ine; 1st Md. Batt., Capt William F. Dement; Alleghany (Va.) Art., Capt. J. C. Carpenter; Chesapeake (Md.) Art., Capt. William D. Brown; Lee (Va.) Batt., Capt. C. I. Raine, Lieut. William W. Hardwicke. Rodes's division, Maj.-Gen. R.-E. Rodes:--Daniel's Brigade, Brig.-Gen. Junius Daniel; 32d N. C., Col. E. C. Brabble; 43d N. C., Col. T. S. Kenan, Lieut.-Col. W. G. Lewis; 45th N. C., Lieut.-Col. S. H. Boyd, Maj. John R. Winston, Capt. A. H. Gallaway, Capt. J. A. Hopkins; 53d N. C., Col. W. A. OBrig.-Gen. Junius Daniel; 32d N. C., Col. E. C. Brabble; 43d N. C., Col. T. S. Kenan, Lieut.-Col. W. G. Lewis; 45th N. C., Lieut.-Col. S. H. Boyd, Maj. John R. Winston, Capt. A. H. Gallaway, Capt. J. A. Hopkins; 53d N. C., Col. W. A. Owens; 2d N. C. Battn., Lieut.-Col. H. L. Andrews, Capt. Van Brown. Doles's Brigade, Brig.-Gen. George Doles; 4th Ga., Lieut.-Col. D. R. E. Winn, Maj. W. H. Willis; 12th Ga., Col. Edward Willis; 21st Ga., Col. John T. Mercer; 44th Ga., Col. S. P. Lumpkin, Maj. W. H. Peebles. Iverson's Brigade, Brig.-Gen. Alfred Iverson; 5th N. C., The four captains present (West, Robinison, James M. Taylor,Thomas N. Jordan) were reported as wounded July 1; Robinson and Taylor as having rejoined July 2, but it do
General James Longstreet, From Manassas to Appomattox, Chapter 44: post-bellum Pendant. (search)
when I resigned. Since that time I have lived in New Orleans, Louisiana, and in Gainesville, Georgia, surrounded by a few of my old friends, and in occasional appreciative touch with others, South and North. Of all the people alive I still know and meet, probably no one carries me farther back in recollections of my long life than does my old nurse. Most of the family servants were discharged after the war at Macon, Mississippi, where some of them still reside, among them this old man, Daniel, who still claims the family name, but at times uses another. He calls promptly when I visit Macon and looks for something to remember you by. During my last visit he seemed more concerned for me than usual, and on one of his calls asked, Marse Jim, do you belong to any church? Oh, yes, I said, I try to be a good Christian. He laughed loud and long, and said,-- Something must have scared you mighty bad, to change you so from what you was when I had to care for you. In a r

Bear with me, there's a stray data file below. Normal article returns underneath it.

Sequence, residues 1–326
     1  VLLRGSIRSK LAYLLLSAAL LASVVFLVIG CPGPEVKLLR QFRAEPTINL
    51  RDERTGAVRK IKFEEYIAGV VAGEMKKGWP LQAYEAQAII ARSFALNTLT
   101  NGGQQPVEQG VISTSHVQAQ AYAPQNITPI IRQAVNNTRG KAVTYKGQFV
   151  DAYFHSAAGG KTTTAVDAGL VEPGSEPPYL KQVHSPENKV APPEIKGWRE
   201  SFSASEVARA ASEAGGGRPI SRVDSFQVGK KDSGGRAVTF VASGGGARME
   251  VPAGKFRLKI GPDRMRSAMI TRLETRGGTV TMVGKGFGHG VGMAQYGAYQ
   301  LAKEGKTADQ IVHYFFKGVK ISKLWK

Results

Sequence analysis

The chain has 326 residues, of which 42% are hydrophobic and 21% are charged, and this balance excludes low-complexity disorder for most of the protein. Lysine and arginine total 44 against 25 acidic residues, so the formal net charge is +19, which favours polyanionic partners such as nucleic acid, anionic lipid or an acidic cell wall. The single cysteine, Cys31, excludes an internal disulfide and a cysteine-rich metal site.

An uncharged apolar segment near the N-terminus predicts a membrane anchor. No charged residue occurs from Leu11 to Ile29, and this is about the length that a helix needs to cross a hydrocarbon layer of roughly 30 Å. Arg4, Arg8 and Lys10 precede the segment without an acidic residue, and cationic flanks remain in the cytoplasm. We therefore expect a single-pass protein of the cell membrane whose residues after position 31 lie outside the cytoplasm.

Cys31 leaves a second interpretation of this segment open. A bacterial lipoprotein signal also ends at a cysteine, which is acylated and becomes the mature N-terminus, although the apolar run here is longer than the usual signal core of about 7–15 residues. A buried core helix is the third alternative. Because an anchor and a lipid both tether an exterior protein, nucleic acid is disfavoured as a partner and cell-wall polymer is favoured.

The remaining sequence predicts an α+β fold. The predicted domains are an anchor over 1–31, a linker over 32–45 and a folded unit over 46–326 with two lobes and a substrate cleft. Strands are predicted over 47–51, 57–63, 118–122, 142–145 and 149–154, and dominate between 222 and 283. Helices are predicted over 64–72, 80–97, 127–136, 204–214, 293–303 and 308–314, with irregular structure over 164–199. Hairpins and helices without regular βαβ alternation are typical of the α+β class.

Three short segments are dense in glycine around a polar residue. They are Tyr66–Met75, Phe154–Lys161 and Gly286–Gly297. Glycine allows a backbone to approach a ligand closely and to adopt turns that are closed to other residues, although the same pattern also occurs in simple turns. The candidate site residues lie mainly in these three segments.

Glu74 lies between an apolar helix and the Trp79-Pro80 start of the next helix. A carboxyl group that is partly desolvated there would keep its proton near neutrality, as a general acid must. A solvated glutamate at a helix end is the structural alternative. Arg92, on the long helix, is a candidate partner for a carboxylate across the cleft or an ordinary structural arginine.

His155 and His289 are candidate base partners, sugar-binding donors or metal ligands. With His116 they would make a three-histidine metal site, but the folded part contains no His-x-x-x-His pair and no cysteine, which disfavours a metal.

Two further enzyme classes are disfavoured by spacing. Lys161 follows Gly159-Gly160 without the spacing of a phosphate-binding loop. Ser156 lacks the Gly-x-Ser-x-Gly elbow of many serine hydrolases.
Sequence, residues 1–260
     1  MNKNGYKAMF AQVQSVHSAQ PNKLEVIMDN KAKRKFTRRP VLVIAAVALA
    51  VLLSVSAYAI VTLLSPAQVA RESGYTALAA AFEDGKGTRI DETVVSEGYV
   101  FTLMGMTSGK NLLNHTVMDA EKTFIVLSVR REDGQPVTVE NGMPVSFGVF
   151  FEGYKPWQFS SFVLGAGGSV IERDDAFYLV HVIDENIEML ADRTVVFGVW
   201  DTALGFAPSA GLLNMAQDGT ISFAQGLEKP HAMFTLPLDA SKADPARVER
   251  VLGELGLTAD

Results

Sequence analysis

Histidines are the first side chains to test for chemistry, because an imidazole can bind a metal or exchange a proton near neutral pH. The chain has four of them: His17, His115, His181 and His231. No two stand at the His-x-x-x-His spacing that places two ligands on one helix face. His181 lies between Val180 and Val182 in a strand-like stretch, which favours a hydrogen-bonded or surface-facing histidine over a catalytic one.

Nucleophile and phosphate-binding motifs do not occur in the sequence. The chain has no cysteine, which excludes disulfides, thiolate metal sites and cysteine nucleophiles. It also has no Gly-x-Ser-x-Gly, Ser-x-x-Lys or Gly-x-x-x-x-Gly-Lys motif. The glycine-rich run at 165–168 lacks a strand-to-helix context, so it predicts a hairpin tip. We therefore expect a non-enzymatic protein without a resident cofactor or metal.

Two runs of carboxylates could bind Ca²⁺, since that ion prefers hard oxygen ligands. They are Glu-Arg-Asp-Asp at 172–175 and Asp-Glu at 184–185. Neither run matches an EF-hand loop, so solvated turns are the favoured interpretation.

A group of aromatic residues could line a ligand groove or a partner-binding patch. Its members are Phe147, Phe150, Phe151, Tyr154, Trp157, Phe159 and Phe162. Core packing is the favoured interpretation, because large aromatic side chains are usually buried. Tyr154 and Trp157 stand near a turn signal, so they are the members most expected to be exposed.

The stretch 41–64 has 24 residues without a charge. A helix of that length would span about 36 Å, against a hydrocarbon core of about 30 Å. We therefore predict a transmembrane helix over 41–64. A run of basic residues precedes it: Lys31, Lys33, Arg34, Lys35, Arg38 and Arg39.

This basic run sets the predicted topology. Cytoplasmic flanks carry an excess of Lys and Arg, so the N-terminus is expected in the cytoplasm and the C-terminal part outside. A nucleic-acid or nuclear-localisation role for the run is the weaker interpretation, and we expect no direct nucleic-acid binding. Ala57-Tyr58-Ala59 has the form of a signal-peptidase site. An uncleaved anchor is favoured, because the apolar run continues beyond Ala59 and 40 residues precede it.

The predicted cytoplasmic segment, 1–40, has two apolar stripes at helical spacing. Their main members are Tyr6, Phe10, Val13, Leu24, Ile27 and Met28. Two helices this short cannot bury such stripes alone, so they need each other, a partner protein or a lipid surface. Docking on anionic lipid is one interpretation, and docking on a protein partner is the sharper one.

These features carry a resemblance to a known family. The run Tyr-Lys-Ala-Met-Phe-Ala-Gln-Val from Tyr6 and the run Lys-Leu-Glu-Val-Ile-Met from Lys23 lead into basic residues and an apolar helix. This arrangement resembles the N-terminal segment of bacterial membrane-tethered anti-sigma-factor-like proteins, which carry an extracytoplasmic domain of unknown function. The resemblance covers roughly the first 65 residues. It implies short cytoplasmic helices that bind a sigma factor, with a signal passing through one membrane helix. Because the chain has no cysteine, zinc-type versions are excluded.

Robert Underwood Johnson, Clarence Clough Buell, Battles and Leaders of the Civil War: Volume 2., chapter 7.42 (search)
J. Pegram. Artillery loss: k, 12; w, 96==108. Holmes's division, Maj.-Gen. Theophilus H. Holmes. Second Brigade (temporarily attached to Huger's division), Brig.-Gen. Robert Ransom, Jr.: 24th N. C., Col. William J. Clarke; 25th N. C., Col. Henry M. Rutledge; 26th N. C., Col. Z. B. Vance; 35th N. C., Col. M. W. Ranson (w), Lieut.-Col. O. C. Petway (k); 48th N. C., Col. Robert C. Hill; 49th N. C., Col. S. D. Ramseur (w). Brigade loss: k, 95; w, 453; m, 76 ==624. Third Brigade, Brig.-Gen. Junius Daniel: 43d N. C., Col. T. S. Kenan; 45th N. C., Lieut-Col. J. H. Morehead; 50th N. C., Col. M. D. Craton; Va. Cavalry Battalion, Maj. Edgar Burroughs. Brigade loss: k, 2; w, 22 == 24. Fourth Brigade, Brig.-Gen. John G. Walker, Col. Van H. Manning: 3d Ark., Col. Van H. Manning; 2d Ga. Battalion, Maj. George W. Ross; 27th N. C., Col. John R. Cooke; 46th N. C., Col. E. D. Hall; 30th Va., Col. A. T. Harrison; Va. Cavalry Company, Capt. Edward A. Goodwyn. Brigade loss: w, 12. Artillery, Col.
Robert Underwood Johnson, Clarence Clough Buell, Battles and Leaders of the Civil War: Volume 2., McClellan's change of base and Malvern Hill. (search)
wing those awe-inspiring shells familiarly called by our men lamp-posts, on account of their size and appearance. Their explosion was very much like that of a small volcano, and had a very demoralizing effect upon new troops, one of whom expressed the general sentiment by saying: The Yankees throwed them lamp-posts about too careless like. The roaring, howling gun-boat shells were usually harmless to flesh, blood, and bones, but they had a wonderful effect upon the nervous system. General Junius Daniel, a most gallant and accomplished officer, who had a brigade under General Holmes, gave me an incident connected with the affair on the 30th, known as the Battle of Malvern Cliff. General Holmes, who was very deaf, had gone into a little house concealed from the boats by some intervening woods, and was engaged in some business when the bellowing of the lamp-posts began. The irregular cavalry stampeded and made a brilliant charge to the rear. The artillerists of two guns of Graham's